question

rwkoehler avatar image

How to connect a Victron battery protect between power inverter and battery

I currently have a small, off grid solar system - 100amp deep cycle sealed lead acid battery, 100 watt foldable solar panel, 20A charge controller and a 12V/750watt power inverter.

The power inverter is currently connected directly to the battery but I am concerned about over discharge if there are multiple consecutive cloudy days.

I purchased a 100A Victron battery protect. I am confused as to how to connect it to the battery and power inverter in order for it to prevent the battery from being over discharged.

  1. Does the power inverter connect to the battery protect and then the battery connect to the battery?
  2. Which connection do I use on the battery connect - IN or OUT?
  3. Where does the battery connect negative/black wire connect?


Battery Protect
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2 Answers
michelg avatar image
michelg answered ·

Hi rwkoehler, this is how my setup is done. A picture is worth a thousand words.

The Smart Protect 220A is linked to a DC DISCONNECT Switch to provide power to 2 inverters.

The Top black red cable over the SP is bringing the power from the SmartSolar MPPT.

The Bottom black red cable is linked to a 125A fuse, linked to a 450A switch (2 battery banks)

It works perfectly, when it disconnects, and the voltage gets to the reconnection limit, it will take a few minutes to release the power and reconnect the inverter. The main inverter is limited to 100A and the backup to 32A.

Let me know if you have some questions.

Michel

20200624-172627.jpg


1 comment
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Hi @MichelG,

This is a forbidden connection method.

I understand that it works now, and indeed it may continue working for an unknown period of time... but it will fail, and depending on how it fails, you may suffer damage to your batteries if the BP does not disconnect when it should.

Please connect Victron components in accordance with their manuals to avoid component failure and/or possible system damage that will not be covered by warranty.

Justin Cook - Bay Marine Supply USA avatar image
Justin Cook - Bay Marine Supply USA answered ·

Hi @rwkoehler, welcome to the Community!

You must not use a BatteryProtect to directly disconnect the DC power supply of your inverter - this will, sooner or later, destroy the BP's logic. This is an expressly forbidden connection.

You may use the BatteryProtect to trigger the inverter's remote on/off pinout if so equipped, or perhaps to trigger an external relay that will then interrupt the inverter's DC supply, if it is not equipped with a remote on/off pinout, but you must not connect the BatteryProtect between the inverter and the battery.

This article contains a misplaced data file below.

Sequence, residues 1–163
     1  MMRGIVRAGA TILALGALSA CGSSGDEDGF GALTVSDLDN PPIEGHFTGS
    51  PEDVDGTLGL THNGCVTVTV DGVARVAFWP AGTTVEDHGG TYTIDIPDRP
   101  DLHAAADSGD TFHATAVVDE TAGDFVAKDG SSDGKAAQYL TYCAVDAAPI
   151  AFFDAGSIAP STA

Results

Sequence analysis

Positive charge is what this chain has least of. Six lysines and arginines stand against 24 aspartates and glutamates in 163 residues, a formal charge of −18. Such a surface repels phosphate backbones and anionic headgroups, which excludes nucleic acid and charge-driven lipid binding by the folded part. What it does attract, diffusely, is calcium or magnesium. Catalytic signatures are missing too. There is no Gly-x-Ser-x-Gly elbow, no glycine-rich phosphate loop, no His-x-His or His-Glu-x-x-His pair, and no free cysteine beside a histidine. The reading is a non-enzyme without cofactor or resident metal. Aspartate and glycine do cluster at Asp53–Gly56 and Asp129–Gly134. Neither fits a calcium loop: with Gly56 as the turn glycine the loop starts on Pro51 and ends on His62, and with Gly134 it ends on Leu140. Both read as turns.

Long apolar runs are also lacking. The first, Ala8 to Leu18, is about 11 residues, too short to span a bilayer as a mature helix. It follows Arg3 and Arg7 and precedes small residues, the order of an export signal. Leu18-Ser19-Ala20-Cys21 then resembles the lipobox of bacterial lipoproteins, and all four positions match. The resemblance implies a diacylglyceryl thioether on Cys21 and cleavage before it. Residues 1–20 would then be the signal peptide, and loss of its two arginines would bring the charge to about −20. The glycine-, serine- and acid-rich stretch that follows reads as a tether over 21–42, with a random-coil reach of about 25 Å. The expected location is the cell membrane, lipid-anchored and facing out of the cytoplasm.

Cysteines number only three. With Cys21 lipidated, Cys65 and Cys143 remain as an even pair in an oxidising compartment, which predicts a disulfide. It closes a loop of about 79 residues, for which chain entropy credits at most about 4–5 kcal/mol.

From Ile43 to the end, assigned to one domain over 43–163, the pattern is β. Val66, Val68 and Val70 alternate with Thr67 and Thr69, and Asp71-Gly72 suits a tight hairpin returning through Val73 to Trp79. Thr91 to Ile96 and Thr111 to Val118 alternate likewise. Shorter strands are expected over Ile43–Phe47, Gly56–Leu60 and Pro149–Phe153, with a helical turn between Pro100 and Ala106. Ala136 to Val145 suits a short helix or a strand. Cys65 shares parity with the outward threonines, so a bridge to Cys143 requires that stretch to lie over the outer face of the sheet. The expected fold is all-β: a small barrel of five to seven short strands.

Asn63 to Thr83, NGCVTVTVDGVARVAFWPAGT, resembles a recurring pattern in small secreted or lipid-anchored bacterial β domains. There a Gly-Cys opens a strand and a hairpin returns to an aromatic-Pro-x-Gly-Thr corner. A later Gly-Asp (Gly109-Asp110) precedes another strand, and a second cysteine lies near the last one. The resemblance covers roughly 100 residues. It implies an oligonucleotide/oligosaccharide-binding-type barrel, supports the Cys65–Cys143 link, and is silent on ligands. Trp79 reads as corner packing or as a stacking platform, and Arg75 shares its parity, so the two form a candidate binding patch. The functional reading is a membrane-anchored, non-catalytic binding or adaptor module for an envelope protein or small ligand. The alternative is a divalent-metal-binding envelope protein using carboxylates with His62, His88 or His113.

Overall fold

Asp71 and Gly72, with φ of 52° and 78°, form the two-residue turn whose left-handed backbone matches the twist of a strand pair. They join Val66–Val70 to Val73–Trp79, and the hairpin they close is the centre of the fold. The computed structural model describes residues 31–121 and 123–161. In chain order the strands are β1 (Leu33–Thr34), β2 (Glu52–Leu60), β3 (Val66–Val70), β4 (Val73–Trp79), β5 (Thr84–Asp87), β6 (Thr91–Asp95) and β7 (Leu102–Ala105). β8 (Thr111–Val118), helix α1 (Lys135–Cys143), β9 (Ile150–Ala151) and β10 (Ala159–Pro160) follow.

Please see the user manual for acceptable connection methods.

6 comments
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Justin Cook: Ok, you say what I should NOT do. But what I'm asking for is how TO connect the battery connect in order to provide the over discharge protection. If the manual was clear, I would not be asking this question. Perhaps the manual is more clear to someone more technically familiar with solar. I am not. I am just asking what to connect to what, and in what order. Logically, it seems that in order to be able to determine whether or not the battery is in danger of over discharge, it would seem that the battery connect would HAVE to be between the thing drawing power from the battery and the battery itself. That seems to not agree with what you are saying.

He also wrote how you can connect it.

The problem is the high inrush current of the inverter.

The manual is clear about not connecting an inverter directly to the BP (installation point 4).

Maybe if you say us what kind of inverter you have we can say you how to connect it.

If you don't know what to do you should hire someone who knows.

michelg avatar image michelg Matthias Lange - DE ·

In my setup that you can see on the photo, the main inverter has a delay between the moment you switch it on, and when it starts providing power. And the backup inverter is a Phoenix 24/800.

The main reason I installed an oversized Battery Protect is to avoid overloading it, with theorical inrush currents.

@MichelG, inrush current is too fast to measure with most multimeters, and can be over 5x the maximum running current of the device.

"Oversizing" your BatteryProtect is not the solution here - the only reliable solution is to connect the BatteryProtect in a permitted configuration.

michelg avatar image michelg Justin Cook - Bay Marine Supply USA ♦ ·

Hi Justin, thanks for the information.

AFAIK, there is a startup circuit limiting the inrush current. That's the reason it takes several seconds before getting the inverter "ON", and then other several seconds before starting to invert.

I do use FLUKE instruments to check every point of my installation, and did not had any issues.